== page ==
GR 8677927796770177 | # Login | Register

GR0177 #91
Problem
 GREPhysics.NET Official Solution Alternate Solutions
This problem is still being typed.
Mechanics}Conservation of Energy

Conservation of energy gives . , and thus the equation becomes

.

Thus, . (Note that the height of the center of mass is the same at both the end and the start, thus the extra bit of the potential energy MgR cancels out. Thanks to the user keflavich for this correction.)

Given , one plugs it into the equation above to get

, as in choice (B).  Alternate Solutions
 Ning Bao2008-02-01 08:11:02 Let R, m,h,g=1. Then you just have 1=1/2*8/7+1/2*I*8/7 1=4/7+4/7*I I=3/4.Reply to this comment redmomatt
2011-10-08 15:23:01
Did this by process of elimination (not even looking at the PE versus KE).

(A) can't be true, since the cylinder is not of uniform density.

(D) can't be true, since this would only occur if all of the mass were concentrated in a thin ring at a distance .

(E) can't be true, since the largest moment would be (D).

We are left with (B) and (C). Because a radial mass distribution that varies as should be less than something very close to (D), we are left with choice (B).
 Nezumi2012-02-09 18:27:24 The radial dependence is not given to be linear. I Think (B) or (C) remain until you look at energy.
 Nezumi2012-03-06 12:06:24 I was looking at the problem again. The elimination you did is the right place to start. Once you have it down to (B) and (C), look at the translational energy. since the translation takes up a little more than half of the original energy of the object, less than half is available for the rotational energy. This implies a smaller moment of inertia, hence choice (B) Ning Bao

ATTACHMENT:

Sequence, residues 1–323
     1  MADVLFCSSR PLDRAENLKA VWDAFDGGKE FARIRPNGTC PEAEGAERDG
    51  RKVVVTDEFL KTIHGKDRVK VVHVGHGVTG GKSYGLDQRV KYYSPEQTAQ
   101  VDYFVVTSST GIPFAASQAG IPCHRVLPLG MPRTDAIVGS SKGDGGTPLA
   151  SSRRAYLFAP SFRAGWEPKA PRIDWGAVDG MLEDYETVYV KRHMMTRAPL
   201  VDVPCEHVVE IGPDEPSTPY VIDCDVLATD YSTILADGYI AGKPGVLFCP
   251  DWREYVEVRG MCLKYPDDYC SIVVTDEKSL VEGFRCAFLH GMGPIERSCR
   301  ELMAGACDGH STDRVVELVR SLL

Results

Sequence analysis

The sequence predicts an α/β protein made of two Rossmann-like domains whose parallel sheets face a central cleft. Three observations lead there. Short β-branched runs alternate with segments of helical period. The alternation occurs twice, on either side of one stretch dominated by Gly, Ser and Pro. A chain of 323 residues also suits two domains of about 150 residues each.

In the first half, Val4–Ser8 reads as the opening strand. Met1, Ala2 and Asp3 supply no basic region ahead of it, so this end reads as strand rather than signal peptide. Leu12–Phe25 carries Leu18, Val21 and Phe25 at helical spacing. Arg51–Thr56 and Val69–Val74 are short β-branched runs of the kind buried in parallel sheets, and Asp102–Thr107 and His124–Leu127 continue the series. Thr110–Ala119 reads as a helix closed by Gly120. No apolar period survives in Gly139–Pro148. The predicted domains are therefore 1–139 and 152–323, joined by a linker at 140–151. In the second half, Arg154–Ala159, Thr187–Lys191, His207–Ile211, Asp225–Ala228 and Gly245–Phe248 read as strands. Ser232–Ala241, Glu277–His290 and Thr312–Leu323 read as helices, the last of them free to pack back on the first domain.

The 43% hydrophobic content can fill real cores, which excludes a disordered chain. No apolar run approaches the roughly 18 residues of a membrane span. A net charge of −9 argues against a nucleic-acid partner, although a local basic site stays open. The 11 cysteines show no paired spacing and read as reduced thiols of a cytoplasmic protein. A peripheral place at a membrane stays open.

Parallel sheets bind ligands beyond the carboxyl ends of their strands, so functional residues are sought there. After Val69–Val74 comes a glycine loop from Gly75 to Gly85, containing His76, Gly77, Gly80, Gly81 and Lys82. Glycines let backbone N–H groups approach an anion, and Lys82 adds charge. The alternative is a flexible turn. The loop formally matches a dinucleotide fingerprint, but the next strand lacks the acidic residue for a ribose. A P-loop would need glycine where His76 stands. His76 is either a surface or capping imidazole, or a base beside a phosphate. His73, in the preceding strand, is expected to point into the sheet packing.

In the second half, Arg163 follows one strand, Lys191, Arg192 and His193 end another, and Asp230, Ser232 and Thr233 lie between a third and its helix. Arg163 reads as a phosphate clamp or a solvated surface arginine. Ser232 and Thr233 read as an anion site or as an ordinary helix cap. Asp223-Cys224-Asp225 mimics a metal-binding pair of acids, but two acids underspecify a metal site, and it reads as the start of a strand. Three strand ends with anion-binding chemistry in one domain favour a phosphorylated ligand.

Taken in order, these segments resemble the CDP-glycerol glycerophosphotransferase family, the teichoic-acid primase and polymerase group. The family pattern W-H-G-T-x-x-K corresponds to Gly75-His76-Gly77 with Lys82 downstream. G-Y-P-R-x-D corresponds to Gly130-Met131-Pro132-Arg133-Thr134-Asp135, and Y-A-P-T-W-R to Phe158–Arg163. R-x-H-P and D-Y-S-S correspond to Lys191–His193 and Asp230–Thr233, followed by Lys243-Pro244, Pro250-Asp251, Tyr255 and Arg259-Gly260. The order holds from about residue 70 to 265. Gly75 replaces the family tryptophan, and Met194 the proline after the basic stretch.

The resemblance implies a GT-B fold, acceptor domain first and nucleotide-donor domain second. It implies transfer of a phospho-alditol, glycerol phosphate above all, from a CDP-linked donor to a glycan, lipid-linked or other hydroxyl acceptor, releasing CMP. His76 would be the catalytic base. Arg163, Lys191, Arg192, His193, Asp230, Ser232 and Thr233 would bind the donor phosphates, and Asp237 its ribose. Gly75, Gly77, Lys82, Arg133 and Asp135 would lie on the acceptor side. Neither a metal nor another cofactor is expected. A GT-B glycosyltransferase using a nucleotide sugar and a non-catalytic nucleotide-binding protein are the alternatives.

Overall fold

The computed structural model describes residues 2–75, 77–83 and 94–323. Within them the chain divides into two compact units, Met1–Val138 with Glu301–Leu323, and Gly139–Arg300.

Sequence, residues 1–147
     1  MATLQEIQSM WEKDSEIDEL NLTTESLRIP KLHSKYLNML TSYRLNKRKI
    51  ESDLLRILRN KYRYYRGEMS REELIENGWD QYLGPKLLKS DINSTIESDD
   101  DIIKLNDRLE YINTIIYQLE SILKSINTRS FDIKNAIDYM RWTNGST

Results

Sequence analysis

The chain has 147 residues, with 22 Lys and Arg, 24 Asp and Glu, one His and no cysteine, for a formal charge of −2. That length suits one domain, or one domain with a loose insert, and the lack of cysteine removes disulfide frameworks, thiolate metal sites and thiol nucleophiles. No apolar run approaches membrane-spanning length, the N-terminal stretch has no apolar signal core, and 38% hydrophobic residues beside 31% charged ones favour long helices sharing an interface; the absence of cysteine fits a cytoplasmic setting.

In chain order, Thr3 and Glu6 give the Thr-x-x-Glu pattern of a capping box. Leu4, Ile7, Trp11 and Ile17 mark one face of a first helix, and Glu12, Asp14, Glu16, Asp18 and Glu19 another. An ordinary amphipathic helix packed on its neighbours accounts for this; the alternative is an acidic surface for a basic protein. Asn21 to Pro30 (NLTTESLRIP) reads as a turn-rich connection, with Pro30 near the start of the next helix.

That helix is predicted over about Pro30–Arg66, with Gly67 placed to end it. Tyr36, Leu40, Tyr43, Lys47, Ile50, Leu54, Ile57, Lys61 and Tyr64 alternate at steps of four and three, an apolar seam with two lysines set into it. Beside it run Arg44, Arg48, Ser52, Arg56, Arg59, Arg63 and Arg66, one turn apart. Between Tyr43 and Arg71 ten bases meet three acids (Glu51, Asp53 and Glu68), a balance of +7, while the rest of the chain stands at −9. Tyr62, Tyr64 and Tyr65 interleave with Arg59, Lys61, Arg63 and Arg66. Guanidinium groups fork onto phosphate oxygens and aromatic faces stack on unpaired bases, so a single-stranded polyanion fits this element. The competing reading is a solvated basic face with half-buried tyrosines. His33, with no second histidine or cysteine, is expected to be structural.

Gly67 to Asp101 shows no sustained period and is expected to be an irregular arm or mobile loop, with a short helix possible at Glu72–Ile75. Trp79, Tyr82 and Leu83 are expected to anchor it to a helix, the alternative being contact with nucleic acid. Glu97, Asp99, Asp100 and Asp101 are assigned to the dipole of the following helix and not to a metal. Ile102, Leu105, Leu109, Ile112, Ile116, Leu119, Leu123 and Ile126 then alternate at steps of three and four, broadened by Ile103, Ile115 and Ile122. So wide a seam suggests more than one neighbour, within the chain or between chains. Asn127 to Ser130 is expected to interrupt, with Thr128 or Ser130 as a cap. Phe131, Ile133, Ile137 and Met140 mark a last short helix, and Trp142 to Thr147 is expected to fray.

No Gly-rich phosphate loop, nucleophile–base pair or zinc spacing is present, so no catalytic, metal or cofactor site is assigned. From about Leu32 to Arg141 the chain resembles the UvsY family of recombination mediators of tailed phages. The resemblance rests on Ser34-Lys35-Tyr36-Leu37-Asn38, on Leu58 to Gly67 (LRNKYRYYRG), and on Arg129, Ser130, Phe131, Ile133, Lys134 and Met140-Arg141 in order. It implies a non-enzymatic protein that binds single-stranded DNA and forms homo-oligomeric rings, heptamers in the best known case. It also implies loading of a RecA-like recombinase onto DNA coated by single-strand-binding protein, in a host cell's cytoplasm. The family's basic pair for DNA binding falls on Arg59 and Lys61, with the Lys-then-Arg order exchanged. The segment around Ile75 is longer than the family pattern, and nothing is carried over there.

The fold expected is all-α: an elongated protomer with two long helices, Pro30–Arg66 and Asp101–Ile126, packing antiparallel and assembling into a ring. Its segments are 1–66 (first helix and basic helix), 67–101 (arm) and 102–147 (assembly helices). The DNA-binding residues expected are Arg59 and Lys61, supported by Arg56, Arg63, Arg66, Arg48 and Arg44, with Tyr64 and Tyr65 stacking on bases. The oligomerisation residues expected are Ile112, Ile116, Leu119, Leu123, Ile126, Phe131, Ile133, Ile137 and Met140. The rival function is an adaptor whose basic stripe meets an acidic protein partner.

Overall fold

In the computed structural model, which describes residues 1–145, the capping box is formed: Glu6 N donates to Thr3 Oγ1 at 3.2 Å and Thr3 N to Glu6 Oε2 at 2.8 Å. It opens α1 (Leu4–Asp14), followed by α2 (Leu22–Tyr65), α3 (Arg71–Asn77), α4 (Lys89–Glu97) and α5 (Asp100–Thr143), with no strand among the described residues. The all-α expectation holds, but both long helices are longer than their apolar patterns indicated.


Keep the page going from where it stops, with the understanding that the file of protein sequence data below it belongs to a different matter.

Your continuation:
2008-02-01 08:11:02
Let R, m,h,g=1. Then you just have

1=1/2*8/7+1/2*I*8/7
1=4/7+4/7*I
I=3/4.
 smokwzbroiplytowej2008-10-21 11:27:20 Nice - sure helps save time! Caveat: you really can't set and simultaneously, since they are both measures of length. Here it works rather nicely, because H cancels out as you could tell from the answers. neutrino
2007-10-31 03:28:11
You can make the calculation more easy by noting that the rotational inertia will look like

,

with some constant. Now, you just have to solve:

This might save you some time. Because, 1.7 min..., man, that is not much time.
 tommy222222019-10-22 14:57:59 BRILLIANT!!! I think this is the best and the most make sense alternative solution under this pose. Richard
2007-10-30 18:38:31
A potentially useless note:

The solution given in (E) is found by NOT accounting for the translational kinetic energy. Andresito
2006-03-05 00:00:42
Yosun, there is a typo on your solution. When you express I, the term MV^2 has a factor of 2 implicitly.

Recall the conservation of energy equation, multiply both terms by 2 and the "only" term that has now a factor of 2 is MgH.

The correct expression should have I=(2 MgH - MV^2) (r/v)^2

Yosun, thank you very much for working out the problems. If you are a girl I send you a big kiss :). I obtained the pdf from the yahoo-group. It also has the typo. keflavich
2005-11-10 22:48:10
You don't need to consider as part of the gravitational potential energy. When the cylinder reaches the bottom of the plane, its center of mass will remain at a distance R above the ground.
 yosun2005-11-10 22:54:19 keflavich: you're right that the center of mass stays at a height of R above the ground at both points. thanks for the correction.      LaTeX syntax supported through dollar sign wrappers $, ex.,$\alpha^2_0$produces . type this... to get...$\int_0^\infty\partial\Rightarrow\ddot{x},\dot{x}\sqrt{z}\langle my \rangle\left( abacadabra \right)_{me}\vec{E}\frac{a}{b}\$